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One more rejection, from a man with habanero on his breath. At the end of the interview, he asks Stoke how he handles pressure situations, and pushes a ballpoint pen close to his mouth, mimicking a sideline reporter with a shotgun microphone.
“Pretty well,” Stoke says, and clenches the bones in his feet.
At night, he eats tuna straight from the can. Some of the packing oil spills onto his comforter, forming a long body of water in Las Animas County, near the River of the Lost Souls. He curses, holding the middle vowel, and when he lets go of the rigid ck he feels the way it wrenches the chest to summon something so ugly into the world.
Despite the harsh lighting of the en suite, the blunting of the body’s angles, Stoke sees a handsome man when he spruces in the mirror. He uses a straight razor to plane the curved shoots across his linear jaw, leaving the black clippings in the sink as an emblem of the accomplishment of grooming.
Through the laminate tile, he hears the ex-model keening on the phone. “Oh no, he loves me. It’s the cats I’m worried about. He screams at them. Logos cowers in the corner when he comes home.”
Stoke inspects his torso in the mirror, tenses his obliques while the ex-model below fights tears. The muscles quietly mark the surface, while a flare of red pain from a dormant injury lights his left side.
“No, he’s too young for dementia.”
Her voice is so paper-thin it folds before the end of the sentence. She married this man in Nanxiang, when his éolienne drapery and gold chenille gloves were being sold in Milan and Paris and Tokyo, being showboated by the improbable bodies of Iman and Claudia Cardinale. She married this man when her legs were so long they were the subject of feature writing, and dementia was not just beyond the radar, it didn’t exist.
Stoke hears a heavy voice say, “I’m back, Cecile,” and at that his pulse starts doing wind sprints.
“I missed you,” she croons.
It’s the first night of the playoffs, and his television is silvered. He rejects the idea of going to a bar, where a cola will cost him the same as a tube of mint toothpaste, one hundred garbage bags, a box of powder detergent. He resolves that this is the night he will get to know his neighbors.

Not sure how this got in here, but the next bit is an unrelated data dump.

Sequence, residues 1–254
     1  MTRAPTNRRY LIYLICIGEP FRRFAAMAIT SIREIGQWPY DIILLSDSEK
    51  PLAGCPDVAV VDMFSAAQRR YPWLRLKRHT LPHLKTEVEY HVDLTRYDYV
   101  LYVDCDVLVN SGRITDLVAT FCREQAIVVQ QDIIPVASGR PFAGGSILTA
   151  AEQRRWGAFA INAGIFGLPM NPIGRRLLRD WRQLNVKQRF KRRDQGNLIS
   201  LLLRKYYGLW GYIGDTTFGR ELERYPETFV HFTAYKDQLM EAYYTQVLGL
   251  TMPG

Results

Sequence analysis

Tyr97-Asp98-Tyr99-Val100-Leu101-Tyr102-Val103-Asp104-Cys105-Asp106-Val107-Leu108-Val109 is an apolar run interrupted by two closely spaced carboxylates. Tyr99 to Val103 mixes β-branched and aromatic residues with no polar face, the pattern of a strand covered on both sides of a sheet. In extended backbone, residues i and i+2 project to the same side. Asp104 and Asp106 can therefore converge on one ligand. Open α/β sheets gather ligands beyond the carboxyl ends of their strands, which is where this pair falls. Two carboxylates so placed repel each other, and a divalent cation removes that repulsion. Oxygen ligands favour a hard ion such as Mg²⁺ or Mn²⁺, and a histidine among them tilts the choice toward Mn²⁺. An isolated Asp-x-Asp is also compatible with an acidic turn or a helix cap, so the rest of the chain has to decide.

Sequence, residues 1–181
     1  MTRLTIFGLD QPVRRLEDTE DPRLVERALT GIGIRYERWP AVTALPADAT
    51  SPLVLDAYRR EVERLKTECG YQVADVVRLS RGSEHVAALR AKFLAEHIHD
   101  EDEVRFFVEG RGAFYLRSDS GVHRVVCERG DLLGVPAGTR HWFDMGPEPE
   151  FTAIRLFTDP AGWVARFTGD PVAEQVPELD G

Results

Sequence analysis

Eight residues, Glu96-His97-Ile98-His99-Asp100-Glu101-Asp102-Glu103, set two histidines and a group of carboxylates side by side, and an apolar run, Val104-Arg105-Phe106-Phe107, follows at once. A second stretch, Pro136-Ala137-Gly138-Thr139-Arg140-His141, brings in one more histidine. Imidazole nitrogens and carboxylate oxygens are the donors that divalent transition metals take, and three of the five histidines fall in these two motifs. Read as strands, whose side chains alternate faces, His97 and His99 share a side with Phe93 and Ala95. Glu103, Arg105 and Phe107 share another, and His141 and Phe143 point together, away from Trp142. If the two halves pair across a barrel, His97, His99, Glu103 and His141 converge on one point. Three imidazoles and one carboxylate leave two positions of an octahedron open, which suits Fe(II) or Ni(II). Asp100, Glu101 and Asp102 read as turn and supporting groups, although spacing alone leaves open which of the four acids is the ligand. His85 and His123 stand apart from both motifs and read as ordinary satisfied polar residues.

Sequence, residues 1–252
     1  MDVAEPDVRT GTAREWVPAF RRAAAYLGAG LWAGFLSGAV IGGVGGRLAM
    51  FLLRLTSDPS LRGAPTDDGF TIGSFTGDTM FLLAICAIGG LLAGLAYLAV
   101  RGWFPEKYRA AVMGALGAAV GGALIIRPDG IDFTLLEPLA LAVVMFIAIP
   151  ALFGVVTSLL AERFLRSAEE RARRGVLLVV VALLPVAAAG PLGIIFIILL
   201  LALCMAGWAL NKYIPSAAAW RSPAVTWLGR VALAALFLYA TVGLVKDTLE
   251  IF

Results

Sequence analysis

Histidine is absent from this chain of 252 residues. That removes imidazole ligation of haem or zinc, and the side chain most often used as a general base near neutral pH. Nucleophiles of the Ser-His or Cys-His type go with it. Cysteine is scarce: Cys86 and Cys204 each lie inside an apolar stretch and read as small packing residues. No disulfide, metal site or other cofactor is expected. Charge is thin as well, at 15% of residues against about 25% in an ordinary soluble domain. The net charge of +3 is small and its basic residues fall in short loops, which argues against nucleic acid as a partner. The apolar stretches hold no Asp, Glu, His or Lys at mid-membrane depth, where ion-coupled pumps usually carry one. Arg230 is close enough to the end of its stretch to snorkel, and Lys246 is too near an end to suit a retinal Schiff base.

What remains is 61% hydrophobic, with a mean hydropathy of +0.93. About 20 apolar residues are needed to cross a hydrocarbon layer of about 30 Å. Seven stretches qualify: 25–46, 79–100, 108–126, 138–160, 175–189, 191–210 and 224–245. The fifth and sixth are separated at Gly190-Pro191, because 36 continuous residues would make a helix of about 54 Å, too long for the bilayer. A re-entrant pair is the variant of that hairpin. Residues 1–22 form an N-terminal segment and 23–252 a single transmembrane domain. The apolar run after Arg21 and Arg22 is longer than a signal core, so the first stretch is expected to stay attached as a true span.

The ex-model is wearing tortoiseshell glasses when she comes to the door. In the air of her own apartment, there is an elegance to her ordinariness that never has come through in the halls or the elevator. The arthritic dressmaker is on their goldenrod fainting couch, and when he sees Stoke, he asks, “Can I do something for you, champ?”
Palming his neatened face, Stoke says, “Sir, I live upstairs. My cable’s been on the fritz and, this is awkward, but there’s a basketball game I’d be grateful to watch.”
“Well, Cecile, let the poor man get comfortable,” he says, and the ex-model widens the door. “What channel is it on?”
The dressmaker addresses the demands of lifting the remote. His distorted fingers try to find five-oh-two as Stoke shares the numbers, and the ex-model flitters around his head, nervously, Love, love, love, what can I do?
The dressmaker barks her away. He motions for Stoke to take a seat on an ottoman beside him, and as Stoke is fumbling to park on the piece, he accidentally lifts the cushion off. Inside he sees hundreds of large bills, stacked in piers. The dressmaker winks and says, “Hasn’t been a rainy day yet.”
At halftime, the commentators remember Stoke for a late-game performance a decade earlier that clinched the championship for the Knicks. He sees footage of himself double-teamed and still sinking a three, his own body an unfamiliar icon until he pulls his thoughts to the press of one defender’s hip bone into his adductors. In his throat he discerns the pulse of adrenaline.
“That’s you,” the ex-model gasps.
“Cecile, you cow. Do you think it’s respectful to bumble to our guest about how you can use your eyes to see?”
The ex-model starts to tremble. Her toes are pointed inward, and facing the doorway. “I’m sorry, amour,” she says.
From the fainting couch, he reaches with his swan-neck hands and jerks her narrow waist toward him. Fight or flight, Stoke seizes the remote and brings it down aggressively against the dressmaker’s knuckles. Anything can be a weapon. The old man looks betrayed, the ex-model stunned, and Stoke realizes that maybe he has misunderstood the intent of his contact.
ONE-two-three-four-ONE-two-ONE-two, he needs to find a reason for what he has done. He opens the ottoman and peels a stack of bills while looking, brave and square, at the lovers. The third quarter is starting and the color commentator is repeating the word excellence. Arete is what the ancient Greeks called it. ONE-two-three-four-ONE-two-ONE-two, Stoke clenches a hand to his chest, the money rubbing his mayonnaise shirt, and says, “Please, I need you to help me.”
In the ambulance, Stoke forces his eyes open. Already he can rule out cardiac arrest, heart attack, he has learned through compound fractures and ribboned ligaments the way an emergency staggers the body.
Above him in a halo of street lights is the ex-model and the landscape architect. He wants to ask about the dressmaker, his hands, but the ex-model’s face is too warm, that ordinariness carrying such comfort in the haze of the moving vehicle. They were traveling somewhere on a team bus, the flatlands of Oakland, the steep bluffs of Milwaukee, an exhibition game in the monsoon heat of Manila.
He turns gratefully to the architect. “How are you here?”
“Cheap floorboards,” he laughs, locking his palm to Stoke’s forearm.
The ex-model clings to several bills in her right hand, and faintly Stoke can hear her say something to the architect, the cost of the dispatch, it sounds like, her voice made indistinct by etiquette. Excellence is an art won by training and habituation. The words are tattooed on Stoke’s chest in script, where the former model now touches him.